Social Security is a go-to safety net during retirement for tens of millions of seniors. Even though the Social Security Administration (SSA) suggests that it's only designed to replace about 40% of the average retired workers' wages, most retirees lean on the program for much more. According to SSA data, 62% of elderly beneficiaries count on their monthly check for at least half of their income, with 34% leaning on Social Security for 90% or more.

Unfortunately, the program that seniors have come to rely on so heavily over the past couple of decades is nearing what can arguably be described as its biggest hurdle in history. Due to the ongoing retirement of baby boomers, which is weighing on the worker-to-beneficiary ratio, and a steady lengthening of life expectancies, Social Security's coffers are soon expected to be drained.

A worried elderly man staring out of a window in his home.

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According to the Social Security Board of Trustees report from earlier this year, the program will begin paying out more in benefits than it receives in income by 2022. Assuming Congress fails to enact any changes that generate more revenue, Social Security's nearly $3 trillion in asset reserves will be completely gone by 2034. This, in the eyes of the Trustees, would lead to an across-the-board cut of benefits to current and future retirees of up to 23%. That's not exactly a bright forecast with more than three out of five elderly beneficiaries reliant on Social Security for half of their income.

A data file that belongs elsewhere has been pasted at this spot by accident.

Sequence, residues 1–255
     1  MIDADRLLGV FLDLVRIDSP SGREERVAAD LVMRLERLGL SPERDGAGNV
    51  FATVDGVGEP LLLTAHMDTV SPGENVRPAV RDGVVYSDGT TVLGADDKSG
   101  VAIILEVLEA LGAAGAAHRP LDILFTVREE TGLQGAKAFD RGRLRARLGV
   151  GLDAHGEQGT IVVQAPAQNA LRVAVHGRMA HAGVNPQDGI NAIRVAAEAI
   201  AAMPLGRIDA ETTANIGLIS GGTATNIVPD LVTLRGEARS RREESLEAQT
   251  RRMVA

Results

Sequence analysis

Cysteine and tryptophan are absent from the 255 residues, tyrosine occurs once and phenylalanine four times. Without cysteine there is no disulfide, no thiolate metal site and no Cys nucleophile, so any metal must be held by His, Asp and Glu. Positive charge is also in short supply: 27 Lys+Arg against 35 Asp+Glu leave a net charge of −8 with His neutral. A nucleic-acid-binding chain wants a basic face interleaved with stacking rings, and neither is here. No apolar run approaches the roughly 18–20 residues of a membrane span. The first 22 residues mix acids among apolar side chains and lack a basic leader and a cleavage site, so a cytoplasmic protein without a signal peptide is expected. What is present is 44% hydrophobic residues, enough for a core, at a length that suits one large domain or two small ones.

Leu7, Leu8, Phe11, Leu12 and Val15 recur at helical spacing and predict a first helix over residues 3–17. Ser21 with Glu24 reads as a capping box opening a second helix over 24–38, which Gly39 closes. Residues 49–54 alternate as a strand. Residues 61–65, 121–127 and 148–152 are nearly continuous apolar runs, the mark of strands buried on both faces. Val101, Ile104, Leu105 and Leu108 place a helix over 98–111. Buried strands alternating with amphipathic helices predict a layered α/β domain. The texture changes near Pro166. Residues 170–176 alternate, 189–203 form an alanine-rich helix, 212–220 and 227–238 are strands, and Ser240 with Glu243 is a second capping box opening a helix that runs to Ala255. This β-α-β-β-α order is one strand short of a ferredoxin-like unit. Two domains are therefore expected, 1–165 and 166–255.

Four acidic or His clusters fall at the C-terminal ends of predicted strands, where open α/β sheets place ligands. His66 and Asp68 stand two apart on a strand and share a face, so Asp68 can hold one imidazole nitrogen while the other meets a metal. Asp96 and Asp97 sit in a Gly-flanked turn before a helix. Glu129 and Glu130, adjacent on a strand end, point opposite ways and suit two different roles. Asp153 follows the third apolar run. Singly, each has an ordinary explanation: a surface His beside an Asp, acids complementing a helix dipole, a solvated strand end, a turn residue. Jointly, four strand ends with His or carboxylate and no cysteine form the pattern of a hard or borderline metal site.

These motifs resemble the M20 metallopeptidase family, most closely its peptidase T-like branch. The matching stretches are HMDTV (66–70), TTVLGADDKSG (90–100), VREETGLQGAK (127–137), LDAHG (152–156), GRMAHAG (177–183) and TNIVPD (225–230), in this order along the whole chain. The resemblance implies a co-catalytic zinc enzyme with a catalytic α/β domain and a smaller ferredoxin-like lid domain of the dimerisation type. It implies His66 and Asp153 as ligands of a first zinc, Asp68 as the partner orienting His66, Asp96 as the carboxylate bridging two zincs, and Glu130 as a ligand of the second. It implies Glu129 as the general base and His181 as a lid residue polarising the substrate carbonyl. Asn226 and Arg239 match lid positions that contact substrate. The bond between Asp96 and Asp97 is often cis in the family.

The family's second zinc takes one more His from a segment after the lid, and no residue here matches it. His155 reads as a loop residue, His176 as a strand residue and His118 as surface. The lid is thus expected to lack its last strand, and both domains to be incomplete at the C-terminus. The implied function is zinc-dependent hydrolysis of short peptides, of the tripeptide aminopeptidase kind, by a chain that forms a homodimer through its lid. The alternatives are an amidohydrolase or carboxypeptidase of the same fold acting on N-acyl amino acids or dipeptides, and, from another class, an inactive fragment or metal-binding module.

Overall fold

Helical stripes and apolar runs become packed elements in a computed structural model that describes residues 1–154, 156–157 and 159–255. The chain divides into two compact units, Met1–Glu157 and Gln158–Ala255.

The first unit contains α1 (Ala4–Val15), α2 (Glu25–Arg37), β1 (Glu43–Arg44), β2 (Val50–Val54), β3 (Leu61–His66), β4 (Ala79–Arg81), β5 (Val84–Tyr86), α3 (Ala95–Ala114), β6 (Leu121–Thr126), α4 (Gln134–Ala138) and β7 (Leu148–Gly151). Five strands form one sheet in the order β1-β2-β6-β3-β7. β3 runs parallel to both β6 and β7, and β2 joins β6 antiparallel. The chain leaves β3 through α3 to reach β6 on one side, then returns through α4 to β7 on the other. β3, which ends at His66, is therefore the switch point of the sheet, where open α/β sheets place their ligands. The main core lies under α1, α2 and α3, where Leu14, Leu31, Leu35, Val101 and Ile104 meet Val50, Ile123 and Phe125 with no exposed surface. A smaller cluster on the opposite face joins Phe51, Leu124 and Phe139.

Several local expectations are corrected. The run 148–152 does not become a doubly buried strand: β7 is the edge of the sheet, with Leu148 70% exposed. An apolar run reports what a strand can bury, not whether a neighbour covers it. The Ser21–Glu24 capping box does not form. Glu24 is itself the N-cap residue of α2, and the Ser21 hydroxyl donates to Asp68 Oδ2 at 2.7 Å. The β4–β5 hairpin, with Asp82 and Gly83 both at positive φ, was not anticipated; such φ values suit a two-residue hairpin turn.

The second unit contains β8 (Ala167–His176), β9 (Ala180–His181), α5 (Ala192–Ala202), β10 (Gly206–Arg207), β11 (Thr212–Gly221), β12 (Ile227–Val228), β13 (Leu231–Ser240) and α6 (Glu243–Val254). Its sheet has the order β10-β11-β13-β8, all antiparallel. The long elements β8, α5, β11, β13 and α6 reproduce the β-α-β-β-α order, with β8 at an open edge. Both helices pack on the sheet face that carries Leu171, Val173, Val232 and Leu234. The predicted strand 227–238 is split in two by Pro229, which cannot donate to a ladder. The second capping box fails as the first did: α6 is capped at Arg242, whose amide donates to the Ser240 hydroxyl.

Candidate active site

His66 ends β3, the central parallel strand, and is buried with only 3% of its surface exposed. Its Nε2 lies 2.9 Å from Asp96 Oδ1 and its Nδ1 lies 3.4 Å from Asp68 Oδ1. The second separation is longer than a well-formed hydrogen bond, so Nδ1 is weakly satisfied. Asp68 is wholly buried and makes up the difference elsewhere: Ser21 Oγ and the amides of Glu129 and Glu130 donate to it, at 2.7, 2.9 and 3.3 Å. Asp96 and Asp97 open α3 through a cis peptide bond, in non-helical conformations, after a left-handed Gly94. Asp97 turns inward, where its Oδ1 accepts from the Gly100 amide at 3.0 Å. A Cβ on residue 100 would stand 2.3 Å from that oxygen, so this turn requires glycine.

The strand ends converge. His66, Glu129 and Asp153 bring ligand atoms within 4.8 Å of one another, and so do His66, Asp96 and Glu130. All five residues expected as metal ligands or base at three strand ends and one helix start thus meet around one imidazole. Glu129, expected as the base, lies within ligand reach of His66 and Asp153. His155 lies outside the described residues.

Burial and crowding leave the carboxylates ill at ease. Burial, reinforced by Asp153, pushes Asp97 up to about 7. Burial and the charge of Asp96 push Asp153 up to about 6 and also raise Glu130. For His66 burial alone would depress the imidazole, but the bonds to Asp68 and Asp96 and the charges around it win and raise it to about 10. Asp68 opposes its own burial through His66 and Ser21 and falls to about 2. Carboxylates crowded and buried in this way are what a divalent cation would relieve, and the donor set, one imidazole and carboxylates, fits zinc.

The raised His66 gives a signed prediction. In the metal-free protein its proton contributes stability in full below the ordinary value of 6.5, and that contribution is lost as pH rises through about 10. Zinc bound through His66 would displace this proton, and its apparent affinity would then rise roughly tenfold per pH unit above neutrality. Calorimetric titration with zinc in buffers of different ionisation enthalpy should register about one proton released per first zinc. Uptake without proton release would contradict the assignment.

How to bridge a $12.5 trillion funding gap?

In order to "fix" Social Security's budget shortfall, which is estimated at $12.5 trillion between 2034 and 2091, lawmakers would have to do one of three things: raise revenue, cut spending, or do some combination of the two.

Spending cuts include such solutions as cutting benefits on all retirees now, cutting benefits on all retirees in 2034, freezing the purchasing power of benefits (i.e., ending cost-of-living adjustments), and raising the full retirement age, which is a popular idea among congressional Republicans.

But the easier of the two solutions might just be to raise more revenue so benefits won't be cut for current or future retirees.

A Social Security card wedged in between fanned cash bills.